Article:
During her life, Cox had been an advocate of war to bring peace in Syria. Furthermore, as this article series will show, her monstrous murder has been weaponized and politicized by the neocon war hawks in British politics in order to further the imperialist ambitions of the U.K. government in Syria and beyond. Significant media coverage, for instance, has been given to Cox’s “compassion,” but little coverage has been given to her pro-interventionist policies — which she often promoted in apparent ignorance of reality and historical context. The use of the “humanitarian” pretext to promote war is hardly a new concept, but the sudden and shocking death of Jo Cox has been exploited in order to elevate it and shield it from honest criticism. Indeed, one could argue that to criticize Jo Cox posthumously is akin to questioning a “Saint.” Who could find fault with her campaign against “genocide,” her pleas for safe havens for refugees, her apolitical stance on the world’s “inhumanity?”

Nevertheless, despite the possibility of being labeled insensitive and cynical, the question that should be asked is who determines the meaning of the terms so liberally used by Cox and her colleagues? What are the implications of this humanitarian hyperbole for U.K. government policy? Indeed, in the past, misplaced or even misleading “compassion” has been used to encourage us not only to betray the principles of international law but also to justify the escalation of armed conflict that has brought only greater inhumanity.

In the case of Syria, such pro-interventionist “humanitarians” have largely promoted policies that have only deepened the suffering for the vast majority of Syrian people. What diplomatic efforts have been deployed? What rational, Syria-centric, political resolution has been proposed for discussion? What respect has there been for the self-determination of the Syrian people?

As an example, both Cox and the White Helmets were committed advocates of a No-Fly Zone over Syria — the White Helmets still are, of course. Despite the very real risk of escalating tensions with Russia, which intervened at the request of the Syrian government in September 2015, Cox argued strongly, in 2015, for a No-Fly Zone, defying even possible UN vetoes: “This is not about escalating a conflict directly to take on Russia. This is about a deterrence effect to stop the Syrian regime targeting their own civilians.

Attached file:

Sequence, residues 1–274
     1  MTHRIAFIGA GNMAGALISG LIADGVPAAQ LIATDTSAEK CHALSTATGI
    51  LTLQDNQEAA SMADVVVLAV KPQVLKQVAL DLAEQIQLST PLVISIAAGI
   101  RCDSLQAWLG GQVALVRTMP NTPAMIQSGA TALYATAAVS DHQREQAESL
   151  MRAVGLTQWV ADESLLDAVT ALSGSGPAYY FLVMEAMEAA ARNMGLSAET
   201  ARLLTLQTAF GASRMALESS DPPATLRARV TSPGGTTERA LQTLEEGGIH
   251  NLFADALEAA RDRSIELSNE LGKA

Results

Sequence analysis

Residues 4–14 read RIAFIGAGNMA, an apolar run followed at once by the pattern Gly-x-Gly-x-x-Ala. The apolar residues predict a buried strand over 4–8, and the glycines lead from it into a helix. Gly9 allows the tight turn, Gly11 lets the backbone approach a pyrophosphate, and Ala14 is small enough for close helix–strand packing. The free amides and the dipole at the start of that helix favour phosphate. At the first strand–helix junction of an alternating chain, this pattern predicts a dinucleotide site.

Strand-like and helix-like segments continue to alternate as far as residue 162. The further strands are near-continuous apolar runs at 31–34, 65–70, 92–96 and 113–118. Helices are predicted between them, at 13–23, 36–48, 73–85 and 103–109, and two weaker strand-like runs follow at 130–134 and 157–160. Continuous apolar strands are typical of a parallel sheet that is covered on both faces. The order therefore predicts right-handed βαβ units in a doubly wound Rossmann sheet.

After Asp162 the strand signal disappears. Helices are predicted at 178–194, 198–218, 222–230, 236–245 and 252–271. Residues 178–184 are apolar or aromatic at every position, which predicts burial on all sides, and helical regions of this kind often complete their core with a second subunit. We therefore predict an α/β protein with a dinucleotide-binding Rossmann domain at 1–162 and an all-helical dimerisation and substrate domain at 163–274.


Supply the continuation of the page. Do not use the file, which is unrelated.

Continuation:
A “No-Fly Zone” is recognized by many acclaimed journalists and analysts as nothing less than a “declaration of war.” Even Hillary Clinton, neocon warhawk extraordinaire, conceded the certainty that a No-Fly Zone would kill more Syrian civilians: “To have a no-fly zone you have to take out all of the air defenses, many of which are located in populated areas. So our missiles, even if they are standoff missiles so we’re not putting our pilots at risk — you’re going to kill a lot of Syrians.

The precedent of Libya stands as a horrifying example of the death and destruction that is a consequence of such a policy, yet Cox was willing to endorse such wholesale devastation, which would inevitably affect more innocent lives in Syria and further fragment an already destabilized nation. Notably, she did so by promoting “humanitarianism,” despite the clearly inhuman consequences of such a policy.

Furthermore, Cox campaigned tirelessly for refugee rights. However, she did not highlight the British Government’s role in creating the refugee crisis in Syria by financing, promoting and equipping the “moderate” opposition that drove civilians from their homes and into refugee status. Neither did she highlight the British government’s role in NATO-member-state interventions that further exacerbated the refugee crisis in countries like Libya, Afghanistan, Iraq and Central Africa.

Beyond the conflict itself, Syrians have endured almost eight years of crippling economic sanctions, sanctions that were imposed by the U.K. and its allies in the U.S. regime-change coalition. As history has shown time and again, sanctions never damage a target government but instead wind up punishing the innocent people who resist any kind of foreign meddling in their sovereign affairs. These particular sanctions have decimated the Syrian state medical sector, by destroying hospitals and reducing the nation’s ability to treat its population for all manner of chronic illness and to counter the trauma of an externally waged war. Why did Jo Cox never argue that these sanctions should be lifted, if she truly cared for the plight of the Syrian people? Indeed, why were the solutions she supported largely policies that — in practice — would deepen and prolong the conflict, and why did she invoke the well-being of the Syrian people to promote them?